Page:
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Archives: "N" PDF Files

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Military Archives: "N" PDF Files

Below are PDF files available to download. A small fee is charged for some, others are free to download. All are downloaded from the same source, Payhip, and free and fee items can be combined in a single order.
  • Naval Aviation in World War I
    • by Adrian O. Van Wyen, Historian, Deputy Chief of Naval Operations (Air) and the Editors of Naval Aviation News, Office of the Chief of Naval Operations, Chief of Naval Operations, Washington, D.C., 1969, 92 pages, 128 photos, 1 illustration. This is a compilation of the monthly series of articles on Naval Aviation in World War I published in Naval Aviation News which was started in the April 1967 issue. FREE
  • Naval Vessels: Identification and Tactical Function
    • Academic Dept., Army Air Forces Preflight School (Pilot), San Antonio Aviation Cadet Center, Texas, 1943, 138 pages, 70 photos, 198 drawings and illustrations, 1 chart. This workbook was utilized to train Army aviators to recognize and identify U.S. and Japanese warships to avoid mistakes that were all too common during the early stages of the war. Much of the material included in this work was taken from a variety of other training aids and manuals to be used by students as they trained to become aviators. FREE
  • Night Combat
    • Department of Army Pamphlet No. 20-236, Historical Study, German Report Series, Dept. of the Army, Washington, D.C., June 11, 1953, 66 pages, 6 maps, 4 charts. This is one of the titles in the so-called German Report Series produced by the U.S. Amy using German generals and other officers to author a variety of reports on their experiences, methods, organization, combat, etc., especially as it related to their war with the Soviet Union on the Eastern Front during World War II. These titles were produced during the early years of the Cold War when the U.S. Army fully expected to end up facing the Soviets in a future war. Thus, for the U.S. Army, these pamphlets (some of which were quite large and the term "pamphlet" does them a disservice) became a type of training manual. For the present-day historian and World War II buff, they are a source of detail not easily found elsewhere. Eventually, all of the titles in the German Report series (as well as some in the same pamphlet series, but covering other topics and written by U.S. Army officers) will be made available in the Military Archives series. The material for this pamphlet was prepared for the Historical Division, EUCOM, by a group of former German generals and general staff officers. The principal author, former Brig. Gen. Alfred Toppe, and most of his associates served for extended periods on the Russian Front during World War II. Moreover, most of them held assignments involving troop training. The reader is reminded that publications in the German Report Series were written by Germans from the German point of view, and that the procedures, tables of organization and equipment, combat doctrine, and staff methods of the German Army differed widely from those of the U.S. Army. It is interesting to note, however, that, in conformity with the German recommendations made in this pamphlet, the U.S. Army's programs were placing increasing emphasis on night combat training. Contents: Foreword; Introduction; Principles of Night Combat; Russian Night Combat Methods; German Night Combat Methods; Training; Appendices I-VII: Training Schedules. FREE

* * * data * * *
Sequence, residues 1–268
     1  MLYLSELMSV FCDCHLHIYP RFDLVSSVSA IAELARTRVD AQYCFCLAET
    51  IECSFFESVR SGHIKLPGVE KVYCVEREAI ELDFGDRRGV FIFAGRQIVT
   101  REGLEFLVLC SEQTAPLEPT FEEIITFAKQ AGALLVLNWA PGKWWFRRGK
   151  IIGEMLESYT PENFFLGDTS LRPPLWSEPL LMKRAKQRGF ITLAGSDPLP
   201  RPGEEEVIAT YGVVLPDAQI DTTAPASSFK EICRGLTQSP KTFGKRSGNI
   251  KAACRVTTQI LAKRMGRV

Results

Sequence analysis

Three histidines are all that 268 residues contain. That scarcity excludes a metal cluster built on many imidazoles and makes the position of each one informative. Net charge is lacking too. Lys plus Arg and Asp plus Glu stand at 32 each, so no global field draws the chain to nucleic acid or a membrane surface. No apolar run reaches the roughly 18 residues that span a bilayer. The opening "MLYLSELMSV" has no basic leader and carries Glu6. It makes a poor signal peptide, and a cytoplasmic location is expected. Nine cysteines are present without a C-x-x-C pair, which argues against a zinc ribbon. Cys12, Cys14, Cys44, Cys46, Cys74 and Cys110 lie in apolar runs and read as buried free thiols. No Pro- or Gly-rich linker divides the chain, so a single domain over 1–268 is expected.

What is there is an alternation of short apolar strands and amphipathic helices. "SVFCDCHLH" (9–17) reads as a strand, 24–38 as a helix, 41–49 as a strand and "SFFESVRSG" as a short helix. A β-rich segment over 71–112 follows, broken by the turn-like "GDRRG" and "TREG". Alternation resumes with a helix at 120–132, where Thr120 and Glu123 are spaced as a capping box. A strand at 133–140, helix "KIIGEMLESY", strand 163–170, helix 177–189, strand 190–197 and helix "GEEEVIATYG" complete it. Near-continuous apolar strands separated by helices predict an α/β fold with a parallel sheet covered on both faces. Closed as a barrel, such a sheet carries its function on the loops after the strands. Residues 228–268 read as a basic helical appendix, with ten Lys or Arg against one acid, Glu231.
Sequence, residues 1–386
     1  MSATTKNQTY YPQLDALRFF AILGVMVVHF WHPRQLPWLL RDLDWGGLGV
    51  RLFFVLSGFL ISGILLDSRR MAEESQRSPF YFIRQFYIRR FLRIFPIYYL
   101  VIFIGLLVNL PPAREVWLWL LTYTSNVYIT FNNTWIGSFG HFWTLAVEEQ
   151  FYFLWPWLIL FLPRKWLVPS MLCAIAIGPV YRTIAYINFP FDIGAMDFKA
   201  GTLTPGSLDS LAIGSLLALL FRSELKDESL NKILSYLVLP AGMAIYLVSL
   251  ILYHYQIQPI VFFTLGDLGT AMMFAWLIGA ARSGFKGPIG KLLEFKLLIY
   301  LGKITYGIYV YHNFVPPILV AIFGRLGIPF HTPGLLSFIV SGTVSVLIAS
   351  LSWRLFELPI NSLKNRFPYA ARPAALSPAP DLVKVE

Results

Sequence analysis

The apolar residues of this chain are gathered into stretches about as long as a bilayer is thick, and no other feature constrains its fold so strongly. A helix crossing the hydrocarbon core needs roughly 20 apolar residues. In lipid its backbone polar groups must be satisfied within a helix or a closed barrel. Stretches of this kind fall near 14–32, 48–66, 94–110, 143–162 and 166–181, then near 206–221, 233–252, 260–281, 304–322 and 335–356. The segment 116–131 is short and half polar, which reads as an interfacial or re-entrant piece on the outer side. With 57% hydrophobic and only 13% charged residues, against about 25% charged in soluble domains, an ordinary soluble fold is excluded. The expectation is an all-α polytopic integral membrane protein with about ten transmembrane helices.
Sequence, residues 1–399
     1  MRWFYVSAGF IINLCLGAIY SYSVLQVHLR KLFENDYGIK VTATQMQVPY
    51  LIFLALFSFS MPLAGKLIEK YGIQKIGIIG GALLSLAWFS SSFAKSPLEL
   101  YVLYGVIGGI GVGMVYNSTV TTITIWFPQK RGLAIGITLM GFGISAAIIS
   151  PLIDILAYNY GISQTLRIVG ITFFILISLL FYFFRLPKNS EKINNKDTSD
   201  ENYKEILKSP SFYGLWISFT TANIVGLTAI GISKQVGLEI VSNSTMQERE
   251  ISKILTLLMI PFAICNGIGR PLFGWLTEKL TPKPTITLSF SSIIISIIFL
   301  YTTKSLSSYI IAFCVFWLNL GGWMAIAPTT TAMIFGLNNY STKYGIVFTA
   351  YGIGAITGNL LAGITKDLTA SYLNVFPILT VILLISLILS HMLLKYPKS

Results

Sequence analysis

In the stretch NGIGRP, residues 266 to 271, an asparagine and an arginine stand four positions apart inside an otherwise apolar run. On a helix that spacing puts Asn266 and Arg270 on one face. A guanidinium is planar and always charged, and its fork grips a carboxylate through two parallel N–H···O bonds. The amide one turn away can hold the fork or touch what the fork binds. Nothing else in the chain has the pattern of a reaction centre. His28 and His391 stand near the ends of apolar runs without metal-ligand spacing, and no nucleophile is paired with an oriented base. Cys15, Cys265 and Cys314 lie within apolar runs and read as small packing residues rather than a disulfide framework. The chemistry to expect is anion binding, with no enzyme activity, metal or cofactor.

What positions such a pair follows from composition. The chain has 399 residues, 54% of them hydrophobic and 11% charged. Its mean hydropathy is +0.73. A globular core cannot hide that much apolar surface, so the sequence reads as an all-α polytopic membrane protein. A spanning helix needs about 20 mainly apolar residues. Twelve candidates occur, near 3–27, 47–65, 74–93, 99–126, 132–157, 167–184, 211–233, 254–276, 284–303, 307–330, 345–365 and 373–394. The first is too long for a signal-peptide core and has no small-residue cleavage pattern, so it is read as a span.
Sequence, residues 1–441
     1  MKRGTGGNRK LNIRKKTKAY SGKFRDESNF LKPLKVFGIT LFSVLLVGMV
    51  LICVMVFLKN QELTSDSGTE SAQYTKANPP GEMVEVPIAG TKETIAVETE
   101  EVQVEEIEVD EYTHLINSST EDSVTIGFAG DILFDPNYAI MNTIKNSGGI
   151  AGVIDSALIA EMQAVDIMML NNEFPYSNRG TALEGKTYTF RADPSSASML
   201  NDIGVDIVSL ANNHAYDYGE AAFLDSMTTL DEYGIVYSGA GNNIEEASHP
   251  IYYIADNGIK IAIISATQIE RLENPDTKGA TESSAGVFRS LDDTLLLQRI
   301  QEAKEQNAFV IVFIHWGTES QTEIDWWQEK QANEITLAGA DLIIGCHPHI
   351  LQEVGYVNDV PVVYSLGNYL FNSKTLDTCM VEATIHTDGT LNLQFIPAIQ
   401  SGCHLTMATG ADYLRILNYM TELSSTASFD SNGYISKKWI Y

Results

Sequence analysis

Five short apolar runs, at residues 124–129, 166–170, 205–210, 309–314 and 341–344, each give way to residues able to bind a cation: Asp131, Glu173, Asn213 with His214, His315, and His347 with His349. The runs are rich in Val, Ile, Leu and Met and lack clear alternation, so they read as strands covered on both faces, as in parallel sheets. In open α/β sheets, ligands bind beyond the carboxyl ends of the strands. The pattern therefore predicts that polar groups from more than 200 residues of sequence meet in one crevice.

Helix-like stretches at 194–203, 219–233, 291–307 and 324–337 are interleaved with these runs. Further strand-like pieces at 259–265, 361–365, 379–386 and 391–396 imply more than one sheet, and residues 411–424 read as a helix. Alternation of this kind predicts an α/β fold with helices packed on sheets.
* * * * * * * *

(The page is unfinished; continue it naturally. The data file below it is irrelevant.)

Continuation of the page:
• Norge I Fest
    • by E. Ancher Hansson, Mittet & Co., Oslo, 1945., 89 pages, nmumerous B&W and color photos. Profusely illustrated account of the liberation of Norway at the end of World War II. Text in Norwegian but the photos speak for themselves. FREE
  • Notes From Theatres Of War No. 18: Pacific 1943/1944
    • Prepared under the direction of The Chief of the Imperial General Staff, The War Office, December 1944, 26 pages. Contents: General; A Firm Base and Its Defence; Reconnaissance and Information; The Conduct of the Attack; Arms and Special Weapons; Miscellaneous; Intelligence; Notes on Japanese Methods;  Diary of Events; Signal Communications; The Use of Man-Pack Flame Throwers in the Pacific Theatre of War; Notes on Japanese Infiltration Tactics. FREE
  • Notes on Ammunition of the American Civil War 1861-1865
    • by Col. Berkeley R. Lewis, Ordnance Corps, U.S. Army (Ret.), The American Ordnance Association, Washington, D.C., 1959, 33 pages, 108 line drawings, 10 tables. Official lists of ammunition types and quantities are included in this monograph along with descriptions and sketches of ammunition. Some representative service test data are shown with comments on characteristics. There is also a short discussion on powder—an essential element of all the weapons exept those of hand-to-hand combat already outmoded. FREE

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